UCC official urges new fairness doctrine rules: Countering personal attacks
The plans of Sinclair Broadcasting to show an anti–John Kerry documentary days before the November 2 election “demand restoring the personal attack rule and the Fairness Doctrine,” urged Gloria Tristani, a former Federal Communications Commission member who now directs the communications office of the United Church of Christ.
Democratic Party leaders have also urged the FCC to disallow the film, which some senators called a “blatantly partisan attack.” The 62-station television company, which planned to air Stolen Honor: Wounds That Never Heal, by conservative filmmaker Carlton Sherwood, posted a notice on its Web site before Columbus Day saying that the film is still undergoing editing and that the criticisms are premature.
Regardless of how the preelection maneuvers play out, Tristani told a news conference October 13 in Washington that individual stations licensed by the FCC are expected by the Communications Act to serve the public interest by airing contrasting and balancing viewpoints. Yet, she added, “nothing in the present [FCC] rules or policy would explicitly require Sinclair, if it airs the documentary in question, to give others the air time to provide a contrasting or balancing view, or to give Senator Kerry equal time to respond.”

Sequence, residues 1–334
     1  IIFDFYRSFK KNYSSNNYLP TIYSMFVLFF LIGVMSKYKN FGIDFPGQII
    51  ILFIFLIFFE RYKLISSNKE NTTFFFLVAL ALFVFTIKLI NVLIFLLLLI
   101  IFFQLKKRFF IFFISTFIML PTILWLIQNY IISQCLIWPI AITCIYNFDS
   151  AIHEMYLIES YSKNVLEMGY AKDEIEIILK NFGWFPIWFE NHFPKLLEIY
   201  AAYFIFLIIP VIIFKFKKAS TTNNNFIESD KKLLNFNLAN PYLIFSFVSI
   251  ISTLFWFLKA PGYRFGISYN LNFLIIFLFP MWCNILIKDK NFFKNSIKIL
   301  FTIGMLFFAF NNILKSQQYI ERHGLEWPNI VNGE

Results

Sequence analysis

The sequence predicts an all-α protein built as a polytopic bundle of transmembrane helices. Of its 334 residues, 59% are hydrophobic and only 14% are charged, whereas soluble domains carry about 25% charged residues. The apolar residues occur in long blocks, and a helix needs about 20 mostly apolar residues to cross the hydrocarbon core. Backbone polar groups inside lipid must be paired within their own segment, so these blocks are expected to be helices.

The Fairness Doctrine was in effect from 1949 to 1987, and the personal attack rule existed from 1967 to 2000. According to Tristani, “It is high time that the FCC, or even better, the U.S. Congress, reinstate the personal attack rule and the Fairness Doctrine.”